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Perceptual Content and Lucid Looks

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A common argument for perceptual representational content starts from how in experience things look ("perceptual looks"). However, recently anti-representationalists have challenged the idea that perceptual looks can be associated with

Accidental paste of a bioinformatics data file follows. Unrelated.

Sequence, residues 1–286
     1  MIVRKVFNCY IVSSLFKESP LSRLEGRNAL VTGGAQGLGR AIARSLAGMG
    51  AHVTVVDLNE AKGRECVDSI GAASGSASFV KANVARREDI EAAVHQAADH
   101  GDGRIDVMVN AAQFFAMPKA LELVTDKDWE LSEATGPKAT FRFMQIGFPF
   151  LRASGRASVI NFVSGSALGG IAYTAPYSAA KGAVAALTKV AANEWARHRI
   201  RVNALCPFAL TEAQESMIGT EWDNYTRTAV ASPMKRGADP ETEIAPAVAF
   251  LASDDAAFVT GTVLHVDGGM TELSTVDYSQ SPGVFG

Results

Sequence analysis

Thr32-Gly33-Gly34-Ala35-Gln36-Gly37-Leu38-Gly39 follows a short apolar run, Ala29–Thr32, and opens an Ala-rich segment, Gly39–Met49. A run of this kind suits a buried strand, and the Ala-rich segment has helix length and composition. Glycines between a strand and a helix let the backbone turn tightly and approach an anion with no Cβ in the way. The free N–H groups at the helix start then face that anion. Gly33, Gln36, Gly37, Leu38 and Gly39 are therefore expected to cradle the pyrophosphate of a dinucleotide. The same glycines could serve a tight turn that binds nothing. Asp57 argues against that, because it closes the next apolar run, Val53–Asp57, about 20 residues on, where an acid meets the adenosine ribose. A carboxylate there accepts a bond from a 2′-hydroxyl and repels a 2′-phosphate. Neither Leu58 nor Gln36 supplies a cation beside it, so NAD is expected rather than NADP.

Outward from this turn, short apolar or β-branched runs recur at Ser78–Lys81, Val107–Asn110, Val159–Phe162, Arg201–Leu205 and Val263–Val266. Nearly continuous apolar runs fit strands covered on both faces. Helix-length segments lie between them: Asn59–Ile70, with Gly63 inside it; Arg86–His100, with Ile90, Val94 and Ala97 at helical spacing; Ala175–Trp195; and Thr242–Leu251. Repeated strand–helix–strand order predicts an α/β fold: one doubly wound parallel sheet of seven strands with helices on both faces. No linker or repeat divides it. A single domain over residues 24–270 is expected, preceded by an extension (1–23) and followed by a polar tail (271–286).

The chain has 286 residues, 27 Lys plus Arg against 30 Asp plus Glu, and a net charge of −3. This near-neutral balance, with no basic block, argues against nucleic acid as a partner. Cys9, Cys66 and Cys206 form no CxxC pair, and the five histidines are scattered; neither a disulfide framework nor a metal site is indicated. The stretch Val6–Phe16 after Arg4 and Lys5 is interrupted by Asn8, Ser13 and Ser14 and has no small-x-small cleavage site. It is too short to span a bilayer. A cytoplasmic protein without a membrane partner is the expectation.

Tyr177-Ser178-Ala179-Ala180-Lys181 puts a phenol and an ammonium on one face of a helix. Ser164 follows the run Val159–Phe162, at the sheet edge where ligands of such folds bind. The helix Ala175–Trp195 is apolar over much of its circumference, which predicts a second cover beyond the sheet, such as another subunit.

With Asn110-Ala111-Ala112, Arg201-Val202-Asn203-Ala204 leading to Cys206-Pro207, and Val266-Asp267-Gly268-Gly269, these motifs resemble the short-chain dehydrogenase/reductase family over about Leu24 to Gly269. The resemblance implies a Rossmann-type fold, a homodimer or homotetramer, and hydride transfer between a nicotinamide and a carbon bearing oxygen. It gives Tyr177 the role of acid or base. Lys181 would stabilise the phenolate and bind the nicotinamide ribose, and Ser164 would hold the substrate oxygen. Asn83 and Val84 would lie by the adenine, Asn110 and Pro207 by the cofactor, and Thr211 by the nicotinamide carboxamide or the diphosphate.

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   Perceptual Content and Lucid Looks Abstract:  A common argument for perceptual representational content starts from how in experience things look (“perceptual looks”). However, recently anti-representationalists have challenged the idea that perceptual looks can be associated with representation (Breckenridge 2007; Travis 2004, 2013). In this paper I defend the representationalist from these arguments. As I describe, the debate about perceptual looks turns on an issue of self-knowledge: the way the character of experience is subjectively available. On this issue, I argue for a view of experiential self-knowledge that supports the association between perceptual looks and representational content. Keywords : Perceptual Content; Self-Knowledge; Transparency; Perceptual Looks[there is] something at the heart of the problem [of perception], something which is rarely made fully articulate in discussion of it […] that the more fundamental problem here is one concerning our knowledge of our own minds. M.G.F. Martin 2000, p. 198Consider your current visual experience. There are certain ways things look. The cup looks reddish in the late afternoon sun. The book looks to be located under the stack of exams. Judging from the brilliant display of colors in the sky, it looks like it might be raining later. Call these types of propositions, i.e. descriptions of how things look visually, “looks”-sentences. 1 Traditionally, philosophers have taken “looks”-sentences as being importantly revealing of the nature of  perceptual experience. 2  For example, it has been argued that sentences like “ a looks  F  ”, when true of appropriate visual experiences, can provide the basis for arguments that attribute to experience representational content. 3  On such arguments, the ways things look in an experience—the cup looking reddish, say—are best explained in terms of ways the experience represents  the perceptible world as being. Accordingly, some philosophers take certain “looks”-sentences to in effect express  perceptual contents. Recently, however, the connection between “looks”-sentences and perceptual representation has been challenged, most prominently by Charles Travis (2004; 2013). On Travis’s line of argument, there are manyincompatible ways that things can look given a particular visual experience. The same “reddish” look, for example, may be associated with my white cup in the late afternoon sunlight, but it may also be associated 1  For now “looks visually” is intended broadly (excluding non-visual uses like “this case looks easy”). A more detailed treatment follows below. 2  For the seminal treatment, Chisholm 1957. 3  For such views: Tye 1995, 2000, 2009; Pautz 2010; Harman 1990; Siegel 2010; McDowell 1994; Peacocke 1992. For the specific association with looks-statements, see Schellenberg 2011. 1  with a reddish cup in ordinary sunlight. For Travis, no single way things may look provides a suitable candidate for being the way(s) my experience represents the environment as being. For Travis, there simplyis no type of “looks”-sentence that, while properly characterizing my visual experience, univocally “asserts” the existence of a particular state of affairs, as perceptual contents are intended to do. 4  While the debate concerning “looks”-sentences (and Travis’s argument in particular) has engendered significant literature, in this paper I will focus on a point that has been broadly ignored: the way“looks”-sentences express a form of  self- knowledge. Consider that a “looks”-sentence, if suitably descriptive of a visual experience, expresses a type of self-awareness on the part of the subject, viz. awareness of what her visual experience is like. 5  After all, in experience things look ways to  someone : viz., the subject of the experience. This raises the question how we should understand this subjective viewpoint. What type of self-awareness does the subject express when knowledgeably saying that “such-and-so is howthings look to me”? I will argue that anti-representationalist arguments, including Travis’s, depend criticallyon a mistaken model of this type of experiential self-awareness, viz. a model that unduly relies on a narrow conception of phenomenal character in grounding the subject’s self-awareness of the nature of her experience. I argue that a corrected, richer view of experiential self-awareness blunts the force of these anti-representationalist arguments, and provides positive support for a representationalist treatment of looks. The paper will proceed as follows. In §1 I introduce the argument for associating looks with representational content, and subsequently turn to anti-representationalist resistance to this argument. My focus will specifically be on the way the debate turns fundamentally on how to conceive self-awareness of experience. In §2 I introduce and reject two popular views of this type of self-awareness, both of which focus on experiential states being represented  by the perceiving subject. In §3 I develop an alternative approach, on which experiential self-awareness is best associated not with what is represented, but how the state represents.   In §4 I argue that given this conception of self-awareness, there is natural representational 4  Here it does not matter whether perceptual representations are taken to be conceptual or non-conceptual, insofar  both carry commitments to what is represented being represented as  some definite way 5  Note that this is not inconsistent with the common claim that experience is transparent  , i.e. that experiential awareness does not include awareness of qualities of the experience itself. Even given transparency, “looks”-sentencesexpress self-awareness. Consider, for example, that I can always say that things look such-and-so to me . 2  treatment of how things in experience look, which moreover avoids Travis-style anti-representationalist arguments. In §5 I conclude. 1. Two Requirements on the Argument from Looks While long considered the default view on the nature of perception, in recent years there has been increased demand for a positive argument for representationalist views of experience. 6  In response, one  popular way for representationalists to provide such an argument has been to reason from the way in experience the environment looks. 7  Here is how Wylie Breckenridge renders an impressionistic sketch of the argument (Breckenridge 2007, p. 117): One reason that I sometimes hear in support of [the content] view (at least in conversation) is the following:(1) When something looks a certain way, it makes sense to ask whether or not it is the way it looks.[…] The claim is not always formulated in this way—sometimes it is formulated as follows:(2) Visual experiences can be assessed as veridical or non-veridical, or as accurate or inaccurate, or as correct or incorrect.When I ask what is meant by (2), I typically get (1) as a reply, so I take it that they express the same claim.   As Breckenridge here illustrates, the heart of the argument from looks to content is that sentences that register looks—“the apple looks green”—are accuracy-evaluable, and that likewise contents are understoodin terms of such evaluation. Accordingly, the latter seem perfectly placed to explain the former. In an example, consider Susanna Schellenberg’s “Master Argument” (Schellenberg 2011, pp. 719-20). On this argument, if a subject is visually aware of her environment, then she is visually aware of the environment  being some way: the apple, for example, looks  green .   The conclusion Schellenberg draws from this observation is abductive: what best explains that in experience the environment looks some way to the 6  The pressure being due, no doubt, to increasing competition from non-representationalist views (e.g. those of Campbell 2002, Brewer 2011, Martin 2006, Fish 2009, Genone 2014, 2016). 7  E.g. Tye 2006, Chalmers 2006, Siegel 2010. 3  subject is that the experience bears content to the effect that her environment is  that way. Accordingly, experience has content. Recently anti-representationalists have questioned the association between looks and content. I herefocus on an argument by Wylie Breckenridge (2007), and an argument by Charles Travis (2004; 2013) that has received especially significant attention. I will introduce the arguments in turn.On Breckenridge’s version of the objection, the problem lies not in associating experience with accuracy-evaluable looks. Instead, Breckenridge challenges the abductive inference to experiential content. Consider assertions of e.g. walking or talking some way (e.g. “proud” or “American”). 8  For Breckenridge, such assertions are accuracy-evaluable (“John talks American, but is he?”). However, as Breckenridge is surely right to note, this hardly means that activities like walking and talking are associated with content: walking and talking do not represent. For Breckenridge this shows that the abductive inference from looks to content fails (Breckenridge 2007, p. 117): I take it that the move [from a looks-sentence] to the claim that visual experiences have representational content is supposed to be an inference to the best explanation [...]. I have just argued that this inference is too strong to be a good one. The similarity in form between the [looks-sentence] and [the applicability of correctness to cases of walking some way, talking some way, etc.]suggests that they be given a uniform explanation. So if the explanation just given is the best explanation of the [looks-sentence], then corresponding explanations are the best explanations of [the applicability of correctness to cases of walking some way, talking some way, etc.] As Breckenridge argues, the grammatical surface similarity between cases of looking some way and walking some way or talking some way suggests that these phenomena be explained in a uniform manner. However, the application of correctness to “walks”-talk and “talks”-talk does not ground an abductive inference to content. Accordingly, such an abductive inference cannot be sustained in the case of looks-talk either.How should we consider Breckenridge’s argument? As formulated, the argument begs the question against the representationalist. In sentences like “John walks proud”, John’s manner of walking may be 8  Breckenridge intentionally chooses the non-adverbial grammar of phrases like “John talks American”, but argues that such phrases are grammatical and that, moreover, using ungrammatical sentences in arguments is not problematic (Breckenridge 2007, p. 120). One way to approach my criticism of Breckenridge below is to suggest the grammar is not unproblematic, and serves to import representation where it isn’t present. 4  some indication  that he is, in fact, proud, raising the question whether the sentence is true. 9  By insisting on a uniform treatment of the surface grammar, Breckenridge effectively argues that the same is true for the “looks”-sentences associated with visual experience. 10  However, the representationalist treatment of looks in experience involves a different idea: how things look does not indicate  they are that way, but rather—the suggestion goes—represents them as being   that way in a stronger sense. Accordingly, Breckenridge is wrong to assume we should treat “looks”- sentences in the same way we treat “walks”-sentences or “talks”-sentences. However, Breckenridge’s argument does bring out a deeper challenge to the association between looks and representational content. As several philosophers have recently pointed out, there is a sense in which in which assigning representational content to a state comes cheap (e.g. Vuletic 2015, pp. 8-12). Perhaps some notion of evaluation for correctness is sufficient grounds to associate experience with  some  form of content. In this limited sense, the looks-argument for representational content is bound to succeed. But what Breckenridge’s argument brings out is that this limited representationalist success is not very interesting: mere accuracy-evaluability does not establish the particularly strong way in which perceptual looks are supposed to establish representational content. In motivating her own argument for representational content, Schellenberg frames the difficulty as follows (Schellenberg 2011, p. 720; italics altered): On the weakest way of understanding this relation [between the way things look to the subject and content], it is simply one on which content is associated with the experience. This way of understanding the relation is too weak to give support to the content thesis: it does not give support to the thesis that experience is  fundamentally a matter of representing the world. As Schellenberg here points out, the task for the looks argument extends beyond establishing merely any  relation between experience and representational content: experience must, in some  fundamental   sense, be 9  More precisely, there seem to be two possible readings: “John does a particular type of walking, i.e. walking  proudly”; or “John walks like a proud person typically walks.” Neither is representational, and for the latter the question of accuracy arises, but only as constituting a possible expression of John’s pride. 10  Breckenridge effectively accepts this characterization of his view, describing the upshot of visual experience in terms of evidential import, and suggesting that any intuitive differences between vision and the walking and talking cases can be explained by the facts that the evidential support they provide is weaker than it is in the visual case. If I am correct in this paper, it is wrong to characterize the sense of “looks” that grounds representationalism in terms of merely providing evidence for a proposition (i.e. so-called “evidential” looks, see Chisholm 1957 and discussion of Travis 2013 below). 5